Energy industry analysts and others who follow the sector closely haven’t held back in recent months: falling oil prices could propel Lafayette-based Stone Energy Corp. into bankruptcy.
The Lafayette-based independent oil and gas exploration and production company, which so far has had the liquidity to meet its current obligations, disclosed in the filing that it will not make a $29 million interest payment due to senior bondholders with $775 million in bonds maturing in 2022. The company will instead use the 30-day grace period (which, according to the SEC filing, extends the latest date for making this interest payment to June 14 of this year before default occurs) to negotiate a plan bondholders will support, a plan that could include bankruptcy.
“The company had $367 million in cash at the end of the first quarter and adequate liquidity to continue operations,” Stone Chairman, President and CEO Dave Welch tells ABiz. “That said, we are examining strategic options to maximize the value of the enterprise. A potential filing using a prearranged deal with the key parties is an option that has possible benefits and like all options is wise to consider.”
One option is certainly for Stone to propose a reorganization plan in bankruptcy where the creditors reduce and/or restructure some of the debt while still allowing the company to operate since it has adequate liquidity to do so. At the very least, such a scenario could buy the company some time.
Stone also indicated in the filing that it may implement a reverse stock split to address anticipated non-compliance with the NYSE’s minimum stock price requirement and further noted that it expects to be notified this week that it is out of compliance with the exchange's listing standards because its average global market cap has been less than $50 million over a consecutive 30 trading-day period and because its stockholders’ equity was below $50 million.
Stone’s stock (SGY) closed at 32 cents a share today (dropping 18 cents), down from the $13 range in May a year ago. The stock traded as high as $49 in April 2014, just a few months before the price of oil began to slide from upwards of $100 a barrel.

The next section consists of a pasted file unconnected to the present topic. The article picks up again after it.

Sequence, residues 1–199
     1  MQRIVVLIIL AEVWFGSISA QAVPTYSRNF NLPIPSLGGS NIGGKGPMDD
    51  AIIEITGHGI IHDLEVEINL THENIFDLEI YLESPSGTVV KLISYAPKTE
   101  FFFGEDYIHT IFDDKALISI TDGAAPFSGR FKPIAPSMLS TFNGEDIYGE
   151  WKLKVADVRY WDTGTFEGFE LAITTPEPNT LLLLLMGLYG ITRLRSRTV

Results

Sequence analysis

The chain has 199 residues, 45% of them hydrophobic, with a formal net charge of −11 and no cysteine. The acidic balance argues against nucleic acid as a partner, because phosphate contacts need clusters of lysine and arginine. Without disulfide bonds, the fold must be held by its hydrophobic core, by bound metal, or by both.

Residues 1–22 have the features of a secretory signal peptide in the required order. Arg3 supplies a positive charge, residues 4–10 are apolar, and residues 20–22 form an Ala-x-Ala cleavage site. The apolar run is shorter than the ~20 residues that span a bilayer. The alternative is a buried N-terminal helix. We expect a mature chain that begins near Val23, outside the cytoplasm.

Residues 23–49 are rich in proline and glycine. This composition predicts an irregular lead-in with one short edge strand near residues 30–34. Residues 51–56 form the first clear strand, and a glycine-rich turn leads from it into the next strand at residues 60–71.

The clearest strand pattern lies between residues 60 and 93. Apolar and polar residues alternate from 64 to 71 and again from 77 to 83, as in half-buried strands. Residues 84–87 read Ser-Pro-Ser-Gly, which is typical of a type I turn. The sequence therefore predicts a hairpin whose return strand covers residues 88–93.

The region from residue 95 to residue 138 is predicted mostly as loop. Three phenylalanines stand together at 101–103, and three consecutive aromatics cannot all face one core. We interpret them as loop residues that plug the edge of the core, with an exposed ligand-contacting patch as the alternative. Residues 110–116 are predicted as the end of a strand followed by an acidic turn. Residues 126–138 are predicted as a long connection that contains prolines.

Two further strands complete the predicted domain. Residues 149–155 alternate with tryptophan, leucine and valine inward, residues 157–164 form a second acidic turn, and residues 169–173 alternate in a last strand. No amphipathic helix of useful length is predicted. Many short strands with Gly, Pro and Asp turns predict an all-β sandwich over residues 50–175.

Stone, headquartered at 625 E. Kaliste Saloom Road, has taken numerous steps to address the effects the downturn has had on its business. After a round of layoffs in September, when oil was trading at about $45 per barrel, Welch told ABiz he thought the various steps the company had taken would position it for survival over the next couple of years if oil got back up to the $50 range. Unfortunately for the company, which has drilling operations in the Appalachian Basin and in the Gulf of Mexico, prices fell even further and have only recently approached the $50 mark.
Today The Wall Street Journal also made note of the potential bankruptcy filing and the toll oil prices have taken on the local company in a story titled "Stone Energy Says Bankruptcy Filing a Possibility":
Like so many peers, Stone’s finances have suffered under the weight of low prices. The company said that prices it realized during the first quarter averaged $36.87 per barrel of oil, $13.01 per barrel of natural gas liquid and $2.22 per million cubic feet of natural gas. During the same period in 2015, when prices already had begun to decline, Stone averaged $66.28 per barrel of oil, $18.11 per barrel of natural gas liquids and $2.54 per million cubic feet of natural gas, it said. ...
Earlier this month, lenders reduced Stone’s revolving credit facility to $300 million from $500 million. With more than $457 million in drawn and $18.3 million in letters of credit on the facility, Stone had a few choices to make up the $175.3 million deficiency, including the six-month repayment plan.
Stone announced a few weeks ago that it had begun negotiations with lenders and bondholders regarding strategic alternatives, but it didn’t point to bankruptcy specifically as a possibility. In March, the company hired Lazard as its financial adviser and Latham & Watkins LLP as its legal adviser.
Read the WSJ story here (subscription may be required).